A review of the effects of almotriptan and other triptans on clinical trial outcomes that are meaningful to patients with migraine

Brian E. Mondell

Research output: Contribution to journalReview articlepeer-review

13 Scopus citations


Background: Traditional end points in clinical trials of migraine therapy, such as 2-hour pain response, may not fully address the outcomes patients consider most important: rapid and sustained freedom from pain over 24 hours, and a low, placebo-like incidence of adverse events. A composite efficacy measure such as the sustained pain-free rate (no pain by 2 hours after dosing, no recurrence, no use of rescue medication from 2 to 24 hours after dosing) may be more appropriate. Objective: Clinically relevant differences between almotriptan and other triptans were reviewed in the context of the attributes of acute migraine treatment that patients consider most important. Methods: This review was based on published reports of open-label and placebo-controlled clinical trials of almotriptan, results of a survey concerning the attributes patients consider most important in a migraine medication, and a published meta-analysis of 53 placebo-controlled clinical trials of triptans involving >24,000 patients. Results: Almotriptan was effective and well tolerated in the placebo-controlled clinical trials; results of the 6- and 12-month open-label studies supported its good tolerability profile. A respective 87% and 86% of respondents to the patient survey indicated that they considered complete freedom from pain and no recurrence among the most important attributes of migraine treatment, both of which are included in the sustained pain-free rate. In the meta-analysis, almotriptan had a favorable efficacy and tolerability profile compared with other triptans, particularly with respect to sustained pain-free rate, which was significantly higher with almotriptan 12.5 mg compared with sumatriptan 100 mg (25.9% vs 20.0%, respectively; P < 0.05). In addition, the placebo-subtracted rate of adverse events was significantly lower with almotriptan compared with sumatriptan (1.8% vs 4.4%, respectively; P < 0.05). Results of a head-to-head placebo-controlled trial of almotriptan 12.5 mg and sumatriptan 100 mg supported the balance of efficacy and tolerability observed for almotriptan in the meta-analysis. Conclusions: Data from clinical trials suggest that almotriptan is effective and well tolerated in the treatment of acute migraine pain. Based on a sustained pain-free rate that is among the highest and an adverse-event rate that is among the lowest for the triptans, almotriptan represents a therapeutic option for the initial treatment of acute migraine with or without aura.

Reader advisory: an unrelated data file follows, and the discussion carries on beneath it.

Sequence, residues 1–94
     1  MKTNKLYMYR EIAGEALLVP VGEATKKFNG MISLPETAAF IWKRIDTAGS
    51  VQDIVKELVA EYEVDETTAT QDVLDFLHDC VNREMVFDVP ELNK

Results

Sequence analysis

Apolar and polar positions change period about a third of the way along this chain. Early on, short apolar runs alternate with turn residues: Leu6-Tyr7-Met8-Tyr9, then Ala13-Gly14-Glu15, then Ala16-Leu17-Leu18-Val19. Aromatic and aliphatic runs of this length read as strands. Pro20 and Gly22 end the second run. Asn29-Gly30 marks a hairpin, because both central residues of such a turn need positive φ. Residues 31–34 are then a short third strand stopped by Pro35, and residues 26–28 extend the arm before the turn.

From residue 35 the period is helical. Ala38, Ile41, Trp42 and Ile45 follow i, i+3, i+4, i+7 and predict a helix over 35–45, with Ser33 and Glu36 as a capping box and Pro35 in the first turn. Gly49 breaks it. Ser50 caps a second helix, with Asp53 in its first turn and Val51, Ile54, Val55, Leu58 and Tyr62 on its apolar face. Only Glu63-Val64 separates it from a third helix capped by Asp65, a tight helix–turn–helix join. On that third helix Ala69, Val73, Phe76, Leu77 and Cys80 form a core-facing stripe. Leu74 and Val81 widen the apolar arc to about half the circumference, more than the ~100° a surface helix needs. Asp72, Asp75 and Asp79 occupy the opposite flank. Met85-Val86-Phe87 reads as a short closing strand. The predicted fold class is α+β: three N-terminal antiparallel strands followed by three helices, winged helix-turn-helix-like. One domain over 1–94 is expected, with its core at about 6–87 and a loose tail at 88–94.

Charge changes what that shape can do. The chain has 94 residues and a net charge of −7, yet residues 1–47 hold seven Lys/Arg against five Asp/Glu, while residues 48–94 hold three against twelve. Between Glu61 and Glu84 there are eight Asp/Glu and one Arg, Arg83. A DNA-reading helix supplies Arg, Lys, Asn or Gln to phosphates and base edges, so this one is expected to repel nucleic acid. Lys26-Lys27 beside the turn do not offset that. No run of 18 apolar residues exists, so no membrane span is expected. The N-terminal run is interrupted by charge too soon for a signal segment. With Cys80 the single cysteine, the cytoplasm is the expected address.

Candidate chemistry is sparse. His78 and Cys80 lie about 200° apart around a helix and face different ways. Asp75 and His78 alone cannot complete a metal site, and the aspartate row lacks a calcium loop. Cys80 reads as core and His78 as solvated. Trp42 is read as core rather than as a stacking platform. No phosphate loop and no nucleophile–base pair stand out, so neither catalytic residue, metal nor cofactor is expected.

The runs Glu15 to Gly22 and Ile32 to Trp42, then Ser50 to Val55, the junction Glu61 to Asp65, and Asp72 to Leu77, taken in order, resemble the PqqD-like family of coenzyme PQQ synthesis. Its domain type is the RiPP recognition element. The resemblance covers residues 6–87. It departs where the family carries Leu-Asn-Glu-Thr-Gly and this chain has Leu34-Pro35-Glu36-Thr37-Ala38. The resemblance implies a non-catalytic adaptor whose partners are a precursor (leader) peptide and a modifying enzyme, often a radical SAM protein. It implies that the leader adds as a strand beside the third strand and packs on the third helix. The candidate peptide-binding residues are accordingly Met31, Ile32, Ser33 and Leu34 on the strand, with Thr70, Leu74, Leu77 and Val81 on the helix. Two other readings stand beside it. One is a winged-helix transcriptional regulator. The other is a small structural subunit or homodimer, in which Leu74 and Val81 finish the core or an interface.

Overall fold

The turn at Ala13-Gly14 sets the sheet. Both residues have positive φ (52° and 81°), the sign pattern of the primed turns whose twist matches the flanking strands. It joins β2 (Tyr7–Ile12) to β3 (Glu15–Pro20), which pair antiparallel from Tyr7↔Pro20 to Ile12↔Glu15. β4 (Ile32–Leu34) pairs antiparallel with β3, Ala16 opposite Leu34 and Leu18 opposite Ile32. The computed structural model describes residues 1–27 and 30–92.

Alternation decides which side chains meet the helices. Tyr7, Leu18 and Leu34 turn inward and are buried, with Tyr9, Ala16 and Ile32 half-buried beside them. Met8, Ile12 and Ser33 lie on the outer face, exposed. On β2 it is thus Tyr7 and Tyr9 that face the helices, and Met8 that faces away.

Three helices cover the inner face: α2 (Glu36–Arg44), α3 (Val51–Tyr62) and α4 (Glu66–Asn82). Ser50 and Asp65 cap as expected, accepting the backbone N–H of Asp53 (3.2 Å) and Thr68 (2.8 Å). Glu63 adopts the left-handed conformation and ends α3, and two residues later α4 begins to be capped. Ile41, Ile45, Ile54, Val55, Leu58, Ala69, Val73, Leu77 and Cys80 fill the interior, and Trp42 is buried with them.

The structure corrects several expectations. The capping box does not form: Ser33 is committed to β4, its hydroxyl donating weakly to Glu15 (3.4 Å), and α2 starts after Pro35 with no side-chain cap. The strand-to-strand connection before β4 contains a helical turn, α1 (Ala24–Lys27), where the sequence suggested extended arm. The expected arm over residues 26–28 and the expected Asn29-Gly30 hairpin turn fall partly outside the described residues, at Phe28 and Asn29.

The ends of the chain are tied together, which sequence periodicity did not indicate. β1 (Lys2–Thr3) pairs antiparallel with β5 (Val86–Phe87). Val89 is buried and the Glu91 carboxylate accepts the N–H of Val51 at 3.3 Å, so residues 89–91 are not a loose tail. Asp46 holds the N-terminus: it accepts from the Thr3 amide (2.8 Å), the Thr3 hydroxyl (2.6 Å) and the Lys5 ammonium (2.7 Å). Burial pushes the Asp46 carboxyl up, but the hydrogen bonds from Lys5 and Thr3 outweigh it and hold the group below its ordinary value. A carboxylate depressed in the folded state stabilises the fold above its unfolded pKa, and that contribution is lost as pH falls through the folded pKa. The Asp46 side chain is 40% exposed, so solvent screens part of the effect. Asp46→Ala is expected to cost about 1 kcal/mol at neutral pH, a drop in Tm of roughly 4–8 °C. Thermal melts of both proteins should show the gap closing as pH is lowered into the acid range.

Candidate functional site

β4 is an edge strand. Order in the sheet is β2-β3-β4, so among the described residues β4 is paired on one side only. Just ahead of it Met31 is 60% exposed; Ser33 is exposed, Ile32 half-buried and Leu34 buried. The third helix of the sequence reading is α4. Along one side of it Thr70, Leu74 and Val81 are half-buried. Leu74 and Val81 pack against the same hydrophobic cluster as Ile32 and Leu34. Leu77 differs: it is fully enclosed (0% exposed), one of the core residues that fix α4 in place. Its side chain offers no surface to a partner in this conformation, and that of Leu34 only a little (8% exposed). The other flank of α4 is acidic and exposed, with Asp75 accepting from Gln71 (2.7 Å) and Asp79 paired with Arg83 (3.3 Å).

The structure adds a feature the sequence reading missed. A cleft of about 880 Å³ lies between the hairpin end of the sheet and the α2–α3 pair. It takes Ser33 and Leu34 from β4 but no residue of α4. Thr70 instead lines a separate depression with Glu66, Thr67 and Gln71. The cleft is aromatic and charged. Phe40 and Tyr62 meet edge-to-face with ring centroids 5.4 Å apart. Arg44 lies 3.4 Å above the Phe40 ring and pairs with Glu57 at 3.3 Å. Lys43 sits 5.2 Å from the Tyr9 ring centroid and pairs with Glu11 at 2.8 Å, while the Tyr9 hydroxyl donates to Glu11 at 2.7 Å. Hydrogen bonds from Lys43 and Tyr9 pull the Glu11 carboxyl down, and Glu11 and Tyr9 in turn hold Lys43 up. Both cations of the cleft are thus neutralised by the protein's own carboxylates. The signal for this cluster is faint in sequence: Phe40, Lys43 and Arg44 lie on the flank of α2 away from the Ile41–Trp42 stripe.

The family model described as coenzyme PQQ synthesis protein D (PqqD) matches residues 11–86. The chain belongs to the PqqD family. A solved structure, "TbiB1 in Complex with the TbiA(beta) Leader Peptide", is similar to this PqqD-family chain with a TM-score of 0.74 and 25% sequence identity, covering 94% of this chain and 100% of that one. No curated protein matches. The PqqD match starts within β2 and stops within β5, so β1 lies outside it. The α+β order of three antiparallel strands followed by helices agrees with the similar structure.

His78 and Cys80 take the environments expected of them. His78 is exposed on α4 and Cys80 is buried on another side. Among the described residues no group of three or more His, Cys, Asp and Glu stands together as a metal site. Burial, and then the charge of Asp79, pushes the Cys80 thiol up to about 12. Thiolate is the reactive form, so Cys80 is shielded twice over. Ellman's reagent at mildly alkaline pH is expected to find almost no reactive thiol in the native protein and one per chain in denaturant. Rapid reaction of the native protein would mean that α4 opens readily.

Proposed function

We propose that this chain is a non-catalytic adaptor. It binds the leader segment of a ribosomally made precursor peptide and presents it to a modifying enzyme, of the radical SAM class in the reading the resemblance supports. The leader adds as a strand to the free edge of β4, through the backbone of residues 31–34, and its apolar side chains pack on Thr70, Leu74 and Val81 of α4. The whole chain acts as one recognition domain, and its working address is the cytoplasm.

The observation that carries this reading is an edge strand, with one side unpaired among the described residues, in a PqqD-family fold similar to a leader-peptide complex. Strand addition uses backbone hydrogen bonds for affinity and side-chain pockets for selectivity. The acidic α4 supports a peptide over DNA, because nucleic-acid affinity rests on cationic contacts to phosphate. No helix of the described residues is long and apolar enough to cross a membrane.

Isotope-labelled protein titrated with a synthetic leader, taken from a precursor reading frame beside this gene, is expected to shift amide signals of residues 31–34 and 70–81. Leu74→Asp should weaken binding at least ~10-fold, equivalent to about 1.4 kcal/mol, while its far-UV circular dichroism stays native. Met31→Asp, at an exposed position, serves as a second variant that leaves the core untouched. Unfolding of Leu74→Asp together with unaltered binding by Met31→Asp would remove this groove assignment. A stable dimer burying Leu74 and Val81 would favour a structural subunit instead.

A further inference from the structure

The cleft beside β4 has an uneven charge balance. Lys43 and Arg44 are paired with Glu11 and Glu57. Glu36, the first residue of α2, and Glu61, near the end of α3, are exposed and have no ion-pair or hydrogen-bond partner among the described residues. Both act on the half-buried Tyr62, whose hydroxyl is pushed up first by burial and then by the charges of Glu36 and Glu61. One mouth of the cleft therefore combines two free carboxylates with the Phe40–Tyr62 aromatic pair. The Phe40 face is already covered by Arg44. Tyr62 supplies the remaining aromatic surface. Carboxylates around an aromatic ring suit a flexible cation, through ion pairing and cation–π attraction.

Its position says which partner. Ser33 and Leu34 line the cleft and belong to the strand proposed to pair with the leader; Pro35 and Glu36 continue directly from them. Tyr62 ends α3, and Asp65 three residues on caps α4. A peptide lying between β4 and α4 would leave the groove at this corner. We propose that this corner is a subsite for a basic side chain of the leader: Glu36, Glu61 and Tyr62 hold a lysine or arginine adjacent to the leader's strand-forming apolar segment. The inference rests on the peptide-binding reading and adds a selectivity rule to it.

Original languageEnglish (US)
Pages (from-to)331-341
Number of pages11
JournalClinical therapeutics
Issue number2
StatePublished - Feb 1 2003


  • Almotriptan
  • Sustained pain free
  • Tolerability
  • Triptans

ASJC Scopus subject areas

  • Pharmacology
  • Pharmacology (medical)


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